The Test of Time: Day of the Dead (1985)

We all have certain movies we love. Movies we respect without question because of either tradition, childhood love, or because they’ve always been classics. However, as time keeps ticking, do those classics still hold up? Do they remain must see? So…the point of this column is to determine how a film holds up for a modern horror audience, to see if it stands the Test of Time.



Man, the horror community sure absorbed a pretty painful blow last week, ay? Yet, as deeply sad and shocking as it was to see the legendary George A. Romero pass away, in a strangely poignant and poetic way, he’ll never die. Just like the very zombies he dedicated a life in pictures to, the man’s work will live on and persist from beyond the grave…and do so ad infinitum. In a karmically-meta way, Romero has become akin to the very subject of his own film canon. Truly, as The Zombie Godfather moves on to another plain, his legacy is forever immortalized. Rest in Paradise Mr. Romero!

But before we get all mist-ridden and weepy-eyed, we’ve got a job to do. And damn are we honored to take a 32-year retrospective look back at what Romero deemed his favorite film among his own original “OF THE DEAD” trilogy. Of course, we’re referring to the iniquitously overlooked and underperformed DAY OF THE DEAD. Damn I love this movie!

Remember though, at the time of its release in 1985, many did not. Granted, eclipsing or even matching the gargantuan success of DAWN OF THE DEAD from just a year prior was a nearly impossible task, but still, there’s no way DAY OF THE DEAD should hold the distinction it does…being the lowest grossing entry among his original zombie troika. Rightly, the film has amassed quite the fervid following over the past three decades or so. But viewed through today’s lens? Does the film hold up? Has it aged terribly? Is it still among Romero’s upper echelon of film titles? All this gets examined further as we officially find out if The Test of Time is any match for THE DAY OF THE DEAD!

THE STORY: Always socially conscious and strewn with subtextual import, if NIGHT OF THE LIVING DEAD touched on race-relations during the height of civil rights, if DAWN OF THE DEAD explored the mindless consumerism of the Reagan era, then no doubt, DAY OF THE DEAD is a pretty scathing indictment on the secrecy of often untoward military conduct. Here the intent starts as seemingly humane. In DAY, a small coterie of military personnel are housed in a large subterranean bunker with a horde of rabid, flesh-decaying zombie ghouls to conduct experiments on. Specifically, they want the zombies’ unbridled energy to be put to constructive use, a symbiotic one at that, to work to together in harmony with the living. To domesticate. To cultivate civility.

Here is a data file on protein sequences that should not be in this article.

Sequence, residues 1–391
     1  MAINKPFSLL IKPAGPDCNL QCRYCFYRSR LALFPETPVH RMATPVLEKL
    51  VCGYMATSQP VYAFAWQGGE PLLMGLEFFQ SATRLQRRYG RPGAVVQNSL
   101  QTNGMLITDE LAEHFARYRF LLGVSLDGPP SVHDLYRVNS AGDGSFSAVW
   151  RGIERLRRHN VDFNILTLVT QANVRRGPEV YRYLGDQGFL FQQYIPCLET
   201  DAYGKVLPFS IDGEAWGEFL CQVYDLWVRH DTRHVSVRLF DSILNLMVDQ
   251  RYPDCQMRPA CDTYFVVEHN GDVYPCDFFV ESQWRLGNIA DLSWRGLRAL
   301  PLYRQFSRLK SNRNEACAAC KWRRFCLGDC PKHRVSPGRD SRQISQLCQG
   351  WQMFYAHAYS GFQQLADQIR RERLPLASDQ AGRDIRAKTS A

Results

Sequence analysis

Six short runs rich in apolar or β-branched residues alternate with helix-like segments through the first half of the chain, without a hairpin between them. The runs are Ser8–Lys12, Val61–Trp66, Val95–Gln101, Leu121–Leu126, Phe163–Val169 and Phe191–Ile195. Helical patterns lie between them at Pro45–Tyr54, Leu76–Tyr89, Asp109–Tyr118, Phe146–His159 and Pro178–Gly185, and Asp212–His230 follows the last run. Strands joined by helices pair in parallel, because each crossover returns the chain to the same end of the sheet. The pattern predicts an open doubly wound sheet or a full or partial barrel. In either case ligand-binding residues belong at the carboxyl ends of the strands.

The key surgeon, Dr. Logan, makes great progress with a subject known as Bub, a semi-sentient Frankenstein’s Monster of a zombie that becomes a central figure in the story. But the great tension built in DAY comes from the inner turmoil of the warring factions inside the bunker, among the soldiers themselves and the civilian scientists, in addition to the imminent danger of a zombie outbreak directly above ground. There’s nowhere to escape for the soldiers and scientists, yet their inability to work together underground proves just as troublesome. Of course, all hell comes to a head when the zombies above find a way down below!

WHAT HOLDS-UP: Much of what appealed in 1985 still does today, but the first thing I always think about when DAY comes up is just how funny it is. Seriously, the histrionic, vulgar-ridden dialogue and hysterical interplay between the characters – namely Rhodes (Joseph Pilato) and Steel (Gary Howard Klar) – distinctly set this chapter apart from other Romero entries, delightfully so. I swear, the Coen brothers must have been legit fans of this movie considering what a dead ringer John Goodman in THE BIG LEBOWSKI is to that of Steel. The same fatigues, glasses, crass demeanor, blissful ignorance, comic vulgarity, all of it. The similarities cannot be coincidental, especially considering how Joel got his start editing low-budget horror films around this very time.